I haven’t written a Quick Lit post in a while. Here are the books I’ve read this year in chronological order:
The Tsar of Love and Techno by Anthony Marra // A Constellation of Vital Phenomena, Marra’s debut novel set in wartime Chechnya, was probably my favorite nursing-in-the-middle-of-the-night novel. Like that book, Tsar is a series of stories set across time in the Soviet Union and Russia and the characters’ lives end up being improbably intertwined. These stories were riveting, but I thought the collection ended on a clunky note philosophically, if not plot-wise.
The Fellowship: The Literary Lives of the Inklings: J.R.R. Tolkien, C.S. Lewis, Owen Barfield, Charles Williams by Philip Zaleski // I’m a sucker for all things Inklings and I enjoyed this hefty biography immensely. C.S. Lewis dominates the narrative, but Tolkien was my far-and-away favorite of the bunch. Family man, faithful Catholic, inveterate nerd: Tolkien was great. It makes me want to re-read Lord of the Rings. (If you’re interested in re-reading it, check out my friend Michael’s LOTR-themed Lenten reflections.)
Born to Run: A Hidden Tribe, Superathletes, and the Greatest Race the World Has Never Seen by Christopher McDougall // I started running in the Fall and heard a lot about this book. The author travels to Mexico to investigate the super-runner tribe, the Tarahumara, and is lead to learn about and from the characters who make up the ultra-running circuit. There’s a pitch for barefoot running, which was somewhat appealing until it started snowing here in Connecticut.
Callista: A Tale of the Third Century by Bl. John Henry Newman // I love Newman. I love his earnest attempts at novels. I did not love this novel. The book is about a lukewarm Christian, his skeptical brother and, an exiled Greek woman who makes pagan sculptures and their experiences of the Decian persecution in third century north Africa. Its Victorian verbosity was almost too much for me and I nearly quit after an extended chapter about a plague of locusts descending on the north African town where the story is set. I was rewarded for finishing, I think, but I don’t think I’d recommend this book. I enjoyed Loss & Gain much more.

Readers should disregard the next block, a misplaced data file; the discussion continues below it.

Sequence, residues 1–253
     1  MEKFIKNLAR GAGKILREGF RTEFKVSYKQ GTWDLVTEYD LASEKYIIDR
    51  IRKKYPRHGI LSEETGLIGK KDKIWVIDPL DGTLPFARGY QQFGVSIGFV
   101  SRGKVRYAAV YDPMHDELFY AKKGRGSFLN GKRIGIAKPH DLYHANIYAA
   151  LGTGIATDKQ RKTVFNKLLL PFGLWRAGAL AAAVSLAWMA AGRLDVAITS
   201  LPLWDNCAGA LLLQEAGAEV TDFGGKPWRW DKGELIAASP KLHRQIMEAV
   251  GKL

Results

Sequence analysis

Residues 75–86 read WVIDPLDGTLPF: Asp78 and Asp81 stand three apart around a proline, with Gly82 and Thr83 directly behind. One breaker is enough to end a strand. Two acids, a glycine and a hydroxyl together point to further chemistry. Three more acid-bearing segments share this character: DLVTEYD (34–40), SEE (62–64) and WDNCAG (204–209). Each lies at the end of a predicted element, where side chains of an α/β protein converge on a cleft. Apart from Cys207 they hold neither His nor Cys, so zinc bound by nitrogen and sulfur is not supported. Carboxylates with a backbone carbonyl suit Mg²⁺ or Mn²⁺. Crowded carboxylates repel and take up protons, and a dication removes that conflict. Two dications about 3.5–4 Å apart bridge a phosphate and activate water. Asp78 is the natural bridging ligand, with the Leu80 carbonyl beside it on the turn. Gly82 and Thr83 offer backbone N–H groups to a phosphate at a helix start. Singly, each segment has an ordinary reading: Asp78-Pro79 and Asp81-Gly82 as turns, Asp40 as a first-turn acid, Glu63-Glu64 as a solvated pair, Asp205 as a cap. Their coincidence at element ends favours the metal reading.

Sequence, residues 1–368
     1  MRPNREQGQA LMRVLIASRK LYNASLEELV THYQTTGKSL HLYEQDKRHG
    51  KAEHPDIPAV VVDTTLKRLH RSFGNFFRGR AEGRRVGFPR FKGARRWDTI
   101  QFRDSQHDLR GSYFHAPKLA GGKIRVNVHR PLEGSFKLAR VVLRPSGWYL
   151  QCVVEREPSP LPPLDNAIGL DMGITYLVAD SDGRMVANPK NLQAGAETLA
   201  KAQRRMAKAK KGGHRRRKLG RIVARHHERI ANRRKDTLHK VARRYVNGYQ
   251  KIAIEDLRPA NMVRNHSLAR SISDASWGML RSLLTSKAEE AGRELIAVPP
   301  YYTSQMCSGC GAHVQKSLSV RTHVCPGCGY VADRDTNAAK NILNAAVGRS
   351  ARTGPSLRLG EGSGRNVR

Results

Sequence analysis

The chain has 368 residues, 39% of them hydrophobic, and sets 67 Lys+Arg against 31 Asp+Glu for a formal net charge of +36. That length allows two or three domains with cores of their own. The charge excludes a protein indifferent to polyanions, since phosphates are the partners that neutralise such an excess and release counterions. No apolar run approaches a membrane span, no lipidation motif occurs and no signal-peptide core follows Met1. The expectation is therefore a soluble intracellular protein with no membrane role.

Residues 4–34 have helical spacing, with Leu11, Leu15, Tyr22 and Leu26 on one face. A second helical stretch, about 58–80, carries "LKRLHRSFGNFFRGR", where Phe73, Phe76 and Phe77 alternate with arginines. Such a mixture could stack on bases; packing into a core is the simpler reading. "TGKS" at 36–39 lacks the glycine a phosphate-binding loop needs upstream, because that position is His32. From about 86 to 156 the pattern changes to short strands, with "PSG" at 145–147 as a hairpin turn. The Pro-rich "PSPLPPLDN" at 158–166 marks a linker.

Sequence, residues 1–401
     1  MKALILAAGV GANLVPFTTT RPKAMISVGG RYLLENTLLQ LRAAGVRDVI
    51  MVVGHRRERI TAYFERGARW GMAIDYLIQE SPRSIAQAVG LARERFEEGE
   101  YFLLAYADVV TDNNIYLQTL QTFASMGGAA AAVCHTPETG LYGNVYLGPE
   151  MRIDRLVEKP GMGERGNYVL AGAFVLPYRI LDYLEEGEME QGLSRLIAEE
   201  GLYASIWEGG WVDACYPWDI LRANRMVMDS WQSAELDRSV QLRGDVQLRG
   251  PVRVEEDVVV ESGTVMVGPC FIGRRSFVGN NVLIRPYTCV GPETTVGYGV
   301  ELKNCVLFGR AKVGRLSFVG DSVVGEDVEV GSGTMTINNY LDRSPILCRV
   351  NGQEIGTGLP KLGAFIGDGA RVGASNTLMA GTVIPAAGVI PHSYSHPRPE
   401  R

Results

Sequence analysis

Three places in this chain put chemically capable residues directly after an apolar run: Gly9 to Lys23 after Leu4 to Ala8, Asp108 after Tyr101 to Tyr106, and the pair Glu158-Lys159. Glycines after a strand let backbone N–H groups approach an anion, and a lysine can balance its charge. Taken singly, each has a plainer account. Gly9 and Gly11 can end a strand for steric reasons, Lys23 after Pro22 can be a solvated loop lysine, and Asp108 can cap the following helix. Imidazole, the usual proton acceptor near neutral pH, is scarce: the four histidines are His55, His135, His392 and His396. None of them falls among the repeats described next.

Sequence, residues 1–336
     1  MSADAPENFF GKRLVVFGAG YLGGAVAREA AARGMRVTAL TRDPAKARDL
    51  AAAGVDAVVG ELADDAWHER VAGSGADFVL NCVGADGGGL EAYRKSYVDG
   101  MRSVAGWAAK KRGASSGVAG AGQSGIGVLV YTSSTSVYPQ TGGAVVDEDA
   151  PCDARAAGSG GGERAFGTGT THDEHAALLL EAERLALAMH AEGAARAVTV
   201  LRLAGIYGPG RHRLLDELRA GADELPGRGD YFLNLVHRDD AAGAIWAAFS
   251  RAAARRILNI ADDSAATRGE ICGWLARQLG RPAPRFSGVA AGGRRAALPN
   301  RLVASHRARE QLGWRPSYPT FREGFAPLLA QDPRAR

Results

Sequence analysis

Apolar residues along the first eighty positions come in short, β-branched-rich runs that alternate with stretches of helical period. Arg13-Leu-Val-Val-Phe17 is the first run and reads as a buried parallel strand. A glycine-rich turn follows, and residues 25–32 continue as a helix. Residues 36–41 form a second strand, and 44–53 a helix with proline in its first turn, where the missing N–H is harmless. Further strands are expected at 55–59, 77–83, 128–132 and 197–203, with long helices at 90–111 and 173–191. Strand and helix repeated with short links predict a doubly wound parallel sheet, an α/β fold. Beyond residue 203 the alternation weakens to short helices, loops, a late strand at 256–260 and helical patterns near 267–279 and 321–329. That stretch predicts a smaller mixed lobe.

The Once and Future King by T.H. White // I read this with my middle school literature class. It’s a long one and we were pretty desperate to finish by the end, but I found myself enjoying it more and more. Book III, in particular, and Lancelot’s struggle with (and loss to) sin captured my imagination. I do, however, understand why I abandoned this book as a sixth grader obsessed with Lord of the Rings and thirsty for some more medievalesque tales.
Laurus by Eugene Vodolazkin // Set in 14th century Russia, Laurus follows a man from his childhood full of death through his youth, full of death, to his old age, full of suffering. While this sounds like a downer (the first third really was), the medieval vision of the world told without irony and the picture of redemptive suffering has made it really stick with me. I think it’s a Must Read for me this year just because I want to hear other thoughts about it. (Also, the cover is just gorgeous, but I can’t find a non-copyright image to post and my library book didn’t have a dust jacket, so go see for yourself!)
The Lawless Roads by Graham Greene // The End of the Affair was my favorite book last year and I’ve since been making my way through Greene’s Catholic oeuvre. His life story fascinates me and since he wrote The Lawless Roads before he left his wife and his relationship with the Church got, term, complicated, it was interesting just to read his own thoughts about Catholicism. I also don’t know much about the Mexican Revolution, so I learned a lot through his dreadful experience traveling through officially Socialist Mexico. Plus, he knows how to convey how terrible he felt through most of the trip. It’s definitely the most contemptuous travel log I have ever read.
The Way by St. Josemaria Escriva // Funny story: I requested this from the library at Yale for my husband to pick up. He went to get it and said he had already checked it out and it was sitting on our shelf at home. D’oh. Anyway, this book was my morning spiritual reading for a week or so. It’s a collection of proverbs Escriva wrote to his disciples and, I recently learned, to himself. I was convicted by quite a few of them and have tried to stick to my plan of life since reading it.
I’m currently reading Edmund Campion by Evelyn Waugh (English Catholicism, my fave) and Lord of the World by Msgr. Robert Hugh Benson (Masons! Esperanto! Anti-Christ!) and keep getting them vaguely mixed up because England + Catholic persecution. I decided not to use social media while Christopher is awake for Lent since it bore much fruit last year, so I’ve been getting more reading done as well as feeling my compulsive desire to check my notifications waning. It’s magical.
Linking up with Modern Mrs. Darcy for Quick Lit this month.
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